I took a class on using cold laminate to make collages and immediately saw all kinds of uses for a lot of the old stuff I just haven't been able to bring myself to give to the local historical society.
Of course, in the class we put together our collages from glossy pictures out of magazines and travel brochures, but I loved the idea of sticking a picture face down on the sticky surface of the laminate and soaking it in water to peel off the paper, leaving the color image firmly attached to the stickum.
So I took some old postcards, old pictures, and old sheet music and arranged it all on a 5 1/2 inch by 8 1/2 inch section of laminate.
Well, some of these papers were thicker than others so the thin papers soaked off quite quickly while the thick postcard papers just got fatter and fatter as they slurped up water. I finally had to sort of scrap off the background paper of the post cards, but I wound up getting most of the wet, soggy paper off without also removing the colored images. The postcard elements were still thicker than the sheet music, which I figured would make for a lumpy background, but I wasn't going to be able to do anything about that.
After soaking the collage in cold water and peeling off as much paper as I could, I squeezed out enough Perfect Paper Adhesive to be able to swirl it all over the paper back with my finger.
Next I dribbled a small amount of dye ink pad reinker here and there on the paper back. I used three colors, (yellow, red, and green) and only a couple of drops of each. I was told in class to stick with the light colors so for once in my life I followed directions. Mostly because I had watched others in the class I took get too much dark dye on their collages and who had wound up with mud.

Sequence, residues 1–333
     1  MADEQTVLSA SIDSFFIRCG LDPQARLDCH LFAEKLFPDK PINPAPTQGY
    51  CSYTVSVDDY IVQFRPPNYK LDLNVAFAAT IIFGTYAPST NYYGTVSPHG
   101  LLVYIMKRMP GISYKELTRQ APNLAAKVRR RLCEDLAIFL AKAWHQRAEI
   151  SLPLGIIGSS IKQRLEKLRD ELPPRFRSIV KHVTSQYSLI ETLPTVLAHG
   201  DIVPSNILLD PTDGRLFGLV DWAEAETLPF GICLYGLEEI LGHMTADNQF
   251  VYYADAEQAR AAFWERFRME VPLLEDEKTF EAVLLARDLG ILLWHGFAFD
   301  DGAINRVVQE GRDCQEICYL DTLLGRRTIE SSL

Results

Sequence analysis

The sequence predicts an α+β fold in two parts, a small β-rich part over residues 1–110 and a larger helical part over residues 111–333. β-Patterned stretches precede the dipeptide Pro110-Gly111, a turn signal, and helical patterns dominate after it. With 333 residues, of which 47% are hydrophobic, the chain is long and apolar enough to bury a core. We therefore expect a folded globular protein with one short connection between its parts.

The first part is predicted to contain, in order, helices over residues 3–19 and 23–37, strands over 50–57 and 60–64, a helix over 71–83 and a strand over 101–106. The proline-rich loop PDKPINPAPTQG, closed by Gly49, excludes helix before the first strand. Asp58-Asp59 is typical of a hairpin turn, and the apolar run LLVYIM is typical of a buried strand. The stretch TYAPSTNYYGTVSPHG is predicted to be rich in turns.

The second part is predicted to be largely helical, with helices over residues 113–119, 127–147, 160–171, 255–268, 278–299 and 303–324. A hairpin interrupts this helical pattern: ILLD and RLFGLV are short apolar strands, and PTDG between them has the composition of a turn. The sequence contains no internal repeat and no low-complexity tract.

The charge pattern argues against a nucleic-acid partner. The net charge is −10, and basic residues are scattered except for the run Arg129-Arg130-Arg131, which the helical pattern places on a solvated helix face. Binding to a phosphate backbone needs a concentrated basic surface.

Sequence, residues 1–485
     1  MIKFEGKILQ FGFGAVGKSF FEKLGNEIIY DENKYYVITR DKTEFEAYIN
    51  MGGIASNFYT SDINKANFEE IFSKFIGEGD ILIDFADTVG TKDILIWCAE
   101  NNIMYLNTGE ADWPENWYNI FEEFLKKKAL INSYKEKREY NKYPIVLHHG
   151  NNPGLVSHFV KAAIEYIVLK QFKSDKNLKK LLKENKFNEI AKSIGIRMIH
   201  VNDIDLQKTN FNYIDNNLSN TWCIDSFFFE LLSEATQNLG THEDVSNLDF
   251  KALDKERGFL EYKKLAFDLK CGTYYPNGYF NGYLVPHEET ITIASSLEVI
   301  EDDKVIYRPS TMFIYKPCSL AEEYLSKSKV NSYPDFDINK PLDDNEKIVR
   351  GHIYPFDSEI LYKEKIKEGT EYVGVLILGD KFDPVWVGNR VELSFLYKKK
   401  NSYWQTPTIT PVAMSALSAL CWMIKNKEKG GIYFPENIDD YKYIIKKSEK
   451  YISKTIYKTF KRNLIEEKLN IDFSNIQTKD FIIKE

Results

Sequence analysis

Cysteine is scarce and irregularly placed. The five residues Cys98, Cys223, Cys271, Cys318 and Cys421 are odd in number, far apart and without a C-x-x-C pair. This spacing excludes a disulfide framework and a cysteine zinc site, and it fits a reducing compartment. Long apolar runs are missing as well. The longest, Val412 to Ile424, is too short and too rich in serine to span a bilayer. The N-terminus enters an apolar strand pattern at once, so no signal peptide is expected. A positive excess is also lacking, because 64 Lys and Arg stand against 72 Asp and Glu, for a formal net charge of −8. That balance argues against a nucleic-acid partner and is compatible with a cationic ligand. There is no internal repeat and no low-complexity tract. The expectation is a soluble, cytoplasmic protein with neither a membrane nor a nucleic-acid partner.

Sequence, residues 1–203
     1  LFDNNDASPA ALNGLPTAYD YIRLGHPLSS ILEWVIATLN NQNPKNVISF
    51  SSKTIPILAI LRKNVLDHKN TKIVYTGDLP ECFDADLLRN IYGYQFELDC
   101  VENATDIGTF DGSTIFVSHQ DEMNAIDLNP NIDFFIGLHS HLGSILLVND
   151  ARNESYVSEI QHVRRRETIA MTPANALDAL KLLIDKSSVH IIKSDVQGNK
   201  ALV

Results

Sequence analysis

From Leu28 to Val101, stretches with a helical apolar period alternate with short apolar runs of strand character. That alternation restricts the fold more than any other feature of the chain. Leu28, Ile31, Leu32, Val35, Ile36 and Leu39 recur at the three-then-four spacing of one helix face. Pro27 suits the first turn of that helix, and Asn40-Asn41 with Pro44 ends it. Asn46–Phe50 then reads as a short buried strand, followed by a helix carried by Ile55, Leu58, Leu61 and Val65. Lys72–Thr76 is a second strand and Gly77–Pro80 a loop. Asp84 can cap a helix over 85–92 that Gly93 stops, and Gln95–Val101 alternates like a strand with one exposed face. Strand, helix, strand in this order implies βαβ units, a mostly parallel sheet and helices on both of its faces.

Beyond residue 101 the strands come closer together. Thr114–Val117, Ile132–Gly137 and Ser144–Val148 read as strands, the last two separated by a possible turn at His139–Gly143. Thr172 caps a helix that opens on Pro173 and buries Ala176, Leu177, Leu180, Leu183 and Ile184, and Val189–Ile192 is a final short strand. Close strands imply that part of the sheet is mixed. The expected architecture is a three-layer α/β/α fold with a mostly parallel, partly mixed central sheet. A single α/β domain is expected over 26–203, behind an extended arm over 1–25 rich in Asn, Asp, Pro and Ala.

After swirling the dye around and marbelizing it on the paper back of the collage, I crumpled up a piece of gold tissue paper a bit bigger than the size of the laminate and pressed that into the paste and dye gumbo and let it dry.
It was only about a week before the laminate around the edges of the thickest papers started to lift a little, leaving a space outline around some of the elements. But let me tell you, I'm hooked!
Other Stamping Products
About Whiskey Creek Stamps (Home Page)
© Copyright 1996, 1997, 1998, 1999, 2000 Whiskey Creek Document Design. All rights reserved. No portion of this site, including all the text and images on this home page and any of the separate pages, may be copied, retransmitted, reposted, duplicated or otherwise used without the express written permission of Whiskey Creek Document Design.